A historical review of the U.S. vehicle emission compliance program and emission recall cases
Hui He, Lingzhi Jin
Provides a comprehensive historical review of how the U.S. federal vehicle emission compliance program has evolved over the past 4 decades, reviews U.S. emission recall trends, highlights a few representative vehicle and engine emission recall cases and settlements, and provides insight into the data sources needed to inform a successful recall program.
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Emission recalls are a critical aspect of vehicle emission compliance and enforcement programs. An emission recall is a repair, adjustment, or modification program conducted by a manufacturer to remedy an emissions-related problem. An emission recall is quite costly to a manufacturer. A typical recall can cost millions of dollars plus reputational damage to the automakers; therefore, recalls act as a major deterrent against manufacturer emission violations. To avoid recalls, manufacturers are motivated to produce emission controls that not only pass emission certification testing, but also remain functional when vehicles are in real-world use.
Over the decades since the Clean Air Act (CAA) was initially enacted in 1963, regulators from the U.S. Environmental Protection Agency (EPA) and California Air Resources Board (CARB) have developed comprehensive and rigorous compliance and recall programs, including a number of subprograms to detect and verify emission issues. Compliance is important for achieving the public health benefits and air-quality improvements required by the standards, as well as ensuring that all manufacturers are abiding by the same rules and guidelines.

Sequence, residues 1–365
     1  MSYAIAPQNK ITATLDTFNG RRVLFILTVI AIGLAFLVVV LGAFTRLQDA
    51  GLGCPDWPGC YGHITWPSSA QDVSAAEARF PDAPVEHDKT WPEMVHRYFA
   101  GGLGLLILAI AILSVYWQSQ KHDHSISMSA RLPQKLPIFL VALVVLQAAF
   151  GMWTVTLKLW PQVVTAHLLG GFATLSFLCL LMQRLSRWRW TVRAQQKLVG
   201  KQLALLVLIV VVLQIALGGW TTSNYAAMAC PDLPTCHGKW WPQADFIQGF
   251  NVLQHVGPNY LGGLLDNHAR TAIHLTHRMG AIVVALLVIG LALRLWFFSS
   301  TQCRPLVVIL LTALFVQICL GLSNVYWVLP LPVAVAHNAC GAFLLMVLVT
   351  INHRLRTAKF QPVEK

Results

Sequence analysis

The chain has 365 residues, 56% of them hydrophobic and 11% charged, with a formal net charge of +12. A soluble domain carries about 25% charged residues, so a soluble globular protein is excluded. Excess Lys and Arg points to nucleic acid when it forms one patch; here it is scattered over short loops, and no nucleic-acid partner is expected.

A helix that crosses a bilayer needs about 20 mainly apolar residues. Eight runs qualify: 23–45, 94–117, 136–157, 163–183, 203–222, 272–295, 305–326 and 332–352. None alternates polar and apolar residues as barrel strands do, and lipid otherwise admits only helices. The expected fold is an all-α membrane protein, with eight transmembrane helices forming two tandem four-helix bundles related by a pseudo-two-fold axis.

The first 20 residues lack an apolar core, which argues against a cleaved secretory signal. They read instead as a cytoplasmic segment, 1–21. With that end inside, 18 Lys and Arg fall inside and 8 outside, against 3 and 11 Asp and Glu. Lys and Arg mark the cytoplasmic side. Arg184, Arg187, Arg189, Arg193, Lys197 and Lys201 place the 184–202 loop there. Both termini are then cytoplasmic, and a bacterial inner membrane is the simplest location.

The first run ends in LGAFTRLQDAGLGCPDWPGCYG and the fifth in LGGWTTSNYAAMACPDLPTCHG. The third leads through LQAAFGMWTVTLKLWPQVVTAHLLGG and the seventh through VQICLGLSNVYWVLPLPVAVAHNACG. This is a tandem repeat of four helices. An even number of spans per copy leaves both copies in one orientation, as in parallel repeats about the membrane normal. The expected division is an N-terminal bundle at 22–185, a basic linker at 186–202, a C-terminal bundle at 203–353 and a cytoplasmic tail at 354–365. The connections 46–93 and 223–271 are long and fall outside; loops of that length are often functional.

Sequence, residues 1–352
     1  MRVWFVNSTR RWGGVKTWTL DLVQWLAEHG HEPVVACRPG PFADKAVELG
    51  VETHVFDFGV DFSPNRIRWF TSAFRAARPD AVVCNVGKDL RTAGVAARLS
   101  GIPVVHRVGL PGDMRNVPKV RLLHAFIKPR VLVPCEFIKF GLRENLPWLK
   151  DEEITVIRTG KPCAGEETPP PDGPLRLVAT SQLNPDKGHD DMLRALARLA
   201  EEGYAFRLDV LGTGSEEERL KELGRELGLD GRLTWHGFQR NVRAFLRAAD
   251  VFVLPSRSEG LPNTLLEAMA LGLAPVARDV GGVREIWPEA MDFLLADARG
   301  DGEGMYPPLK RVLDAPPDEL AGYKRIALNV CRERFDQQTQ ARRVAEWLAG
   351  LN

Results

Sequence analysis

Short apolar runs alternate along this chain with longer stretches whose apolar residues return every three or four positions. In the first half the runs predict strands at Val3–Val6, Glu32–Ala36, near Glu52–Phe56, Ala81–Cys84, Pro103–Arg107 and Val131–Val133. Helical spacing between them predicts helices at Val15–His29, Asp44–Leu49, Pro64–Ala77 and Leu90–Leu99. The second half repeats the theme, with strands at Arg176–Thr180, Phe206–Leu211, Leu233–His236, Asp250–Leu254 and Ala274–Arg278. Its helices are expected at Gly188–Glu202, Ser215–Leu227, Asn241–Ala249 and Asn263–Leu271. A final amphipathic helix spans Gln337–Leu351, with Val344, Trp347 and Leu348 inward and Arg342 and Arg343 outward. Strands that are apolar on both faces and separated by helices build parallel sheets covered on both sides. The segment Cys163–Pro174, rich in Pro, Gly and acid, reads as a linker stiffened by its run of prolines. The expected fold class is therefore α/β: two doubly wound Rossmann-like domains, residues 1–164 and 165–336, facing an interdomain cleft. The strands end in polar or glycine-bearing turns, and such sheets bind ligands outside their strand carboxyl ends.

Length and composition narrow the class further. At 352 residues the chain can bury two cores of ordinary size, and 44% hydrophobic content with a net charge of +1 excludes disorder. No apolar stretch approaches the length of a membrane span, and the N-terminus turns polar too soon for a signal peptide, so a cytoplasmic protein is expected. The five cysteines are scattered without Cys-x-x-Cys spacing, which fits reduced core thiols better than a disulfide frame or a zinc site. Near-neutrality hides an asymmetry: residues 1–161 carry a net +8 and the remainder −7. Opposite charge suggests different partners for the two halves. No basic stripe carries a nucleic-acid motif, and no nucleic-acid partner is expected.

However, many emerging markets still do not have any robust emission compliance programs, even though the corresponding standards have been in place for years. In many countries, adequate legal authority is also lacking. Some markets have a partial program (i.e., a program composed of certain elements of the U.S. compliance program) but have limited resources to pursue a more comprehensive program. Most of these governments may not have adequate data sources to identify emission compliance issues.
This paper aims to provide useful information for governments that are in the early stages of pursuing an effective emission compliance program in their respective regions. This paper only focuses on toxic air pollutant emissions, otherwise known as criteria emissions, rather than greenhouse gas emissions, which is related to fuel economy. More specifically, this paper provides a comprehensive historical review of how the U.S. federal vehicle compliance program has evolved over the past 4 decades, reviews U.S. emission recall trends, highlights a few representative vehicle and engine emission recall cases and settlements, and provides insight into the data sources needed to inform a successful recall program.